California inmates serving sentences that exceed one year used to be sent to state prison. However, Gov. Jerry Brown’s solution to prison overcrowding, by shifting low-level felons to county jails, has created a new class of inmates, according to Arvin Temkar of the Monterey County Weekly.
Because of Brown’s prison population reduction plan, called Realignment AB 109, convicted felons can now serve longer sentences in local county jails.
“It’s a question of having access to
self-help programs, personal TVs/radios”
Temkar focuses on the story of James Russell Scott, a convicted felon. Scott is serving a seven-year sentence in Monterey County Jail for a drug violation.
One of the issues raised by Temkar is the lack of space that is available for rehabilitation programs in county jails, which were not built to handle long-term stays.
Scott, a confessed drug addict who has been in prison before, says that he would have preferred to go to prison. He opined that the medical facilities in prison are better than those in county jails and that prison has better food.
Some inmates agree that prison is a better place to do time than county jail.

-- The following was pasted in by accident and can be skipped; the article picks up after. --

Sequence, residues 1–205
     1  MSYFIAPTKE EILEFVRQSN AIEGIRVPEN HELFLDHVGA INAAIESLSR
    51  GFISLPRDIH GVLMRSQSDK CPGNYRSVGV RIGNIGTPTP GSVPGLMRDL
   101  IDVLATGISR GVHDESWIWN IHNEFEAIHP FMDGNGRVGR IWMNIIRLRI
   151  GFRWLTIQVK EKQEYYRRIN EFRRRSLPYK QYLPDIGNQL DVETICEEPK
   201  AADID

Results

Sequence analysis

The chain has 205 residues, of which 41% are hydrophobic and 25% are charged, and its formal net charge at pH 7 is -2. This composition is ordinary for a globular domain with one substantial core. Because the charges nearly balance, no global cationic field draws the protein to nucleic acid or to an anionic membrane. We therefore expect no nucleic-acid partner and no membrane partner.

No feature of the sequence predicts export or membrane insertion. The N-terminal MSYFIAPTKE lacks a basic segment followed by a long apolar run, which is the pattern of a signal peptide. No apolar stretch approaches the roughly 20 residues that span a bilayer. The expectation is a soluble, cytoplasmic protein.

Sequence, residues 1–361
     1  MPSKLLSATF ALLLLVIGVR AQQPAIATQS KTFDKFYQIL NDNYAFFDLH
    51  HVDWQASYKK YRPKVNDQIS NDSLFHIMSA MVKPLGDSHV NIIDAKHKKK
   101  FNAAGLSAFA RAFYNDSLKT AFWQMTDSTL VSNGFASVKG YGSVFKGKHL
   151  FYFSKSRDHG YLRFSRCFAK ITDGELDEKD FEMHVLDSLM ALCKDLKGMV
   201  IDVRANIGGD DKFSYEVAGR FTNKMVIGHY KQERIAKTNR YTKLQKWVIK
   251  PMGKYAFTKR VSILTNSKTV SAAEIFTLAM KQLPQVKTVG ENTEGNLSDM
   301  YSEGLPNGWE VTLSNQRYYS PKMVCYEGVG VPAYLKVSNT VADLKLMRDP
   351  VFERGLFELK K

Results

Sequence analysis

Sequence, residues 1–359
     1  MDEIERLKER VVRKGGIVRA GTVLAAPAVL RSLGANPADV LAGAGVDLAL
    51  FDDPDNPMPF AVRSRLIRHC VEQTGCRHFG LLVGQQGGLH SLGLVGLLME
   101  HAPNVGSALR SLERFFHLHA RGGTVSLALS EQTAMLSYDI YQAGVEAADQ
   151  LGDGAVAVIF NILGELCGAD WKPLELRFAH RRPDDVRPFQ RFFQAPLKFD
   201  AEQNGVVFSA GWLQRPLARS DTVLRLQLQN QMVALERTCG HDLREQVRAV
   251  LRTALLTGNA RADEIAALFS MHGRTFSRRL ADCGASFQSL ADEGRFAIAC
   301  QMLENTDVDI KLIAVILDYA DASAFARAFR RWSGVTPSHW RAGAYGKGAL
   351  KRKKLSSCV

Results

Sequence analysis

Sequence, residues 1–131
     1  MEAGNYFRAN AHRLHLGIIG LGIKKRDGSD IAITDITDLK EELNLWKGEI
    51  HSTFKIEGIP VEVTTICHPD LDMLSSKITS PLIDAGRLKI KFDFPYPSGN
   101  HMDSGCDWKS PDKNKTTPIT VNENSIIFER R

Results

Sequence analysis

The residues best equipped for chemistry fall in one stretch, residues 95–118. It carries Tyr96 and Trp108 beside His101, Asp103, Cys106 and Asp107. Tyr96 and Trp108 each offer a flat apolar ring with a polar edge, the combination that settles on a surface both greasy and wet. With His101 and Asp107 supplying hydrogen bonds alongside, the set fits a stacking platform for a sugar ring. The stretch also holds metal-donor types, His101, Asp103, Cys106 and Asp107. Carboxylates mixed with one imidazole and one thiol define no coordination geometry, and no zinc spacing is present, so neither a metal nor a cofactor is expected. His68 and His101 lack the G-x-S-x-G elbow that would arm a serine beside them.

“It’s a question of having access to self-help programs, personal TVs/radios, access to an outside yard of recreation, family visiting, contact visiting and more,” said Anthony Ammons, a San Quentin inmate serving a life sentence.
County Sheriff Scott Miller expressed support for more funding for jail programs. At the same time, he added, his facility is not equipped for longer sentences. “It’s one thing to have someone here for four years and it’s quite another to have someone here for 24 years,” Miller said.
Critics of the state’s incarceration system are not particularly satisfied with the state’s handling of realignment. According to Temkar, they argue that the state is just shuffling inmates from one lock-up facility to another. They don’t see the state as really addressing the issue of reducing the population, reducing jail sentences and the financing of rehabilitation programs.
Tash Nguyen, an activist with Sin Barras, a prison reform group, said that the proliferation of jails only creates a larger landscape where jails exist. Longer stints in jails or the building of more jails will not relieve the state of its overcrowding, nor does it ensure public safety. Activists contend that more money should be spent on treatment facilities and prevention and that the community must become more involved in this endeavor.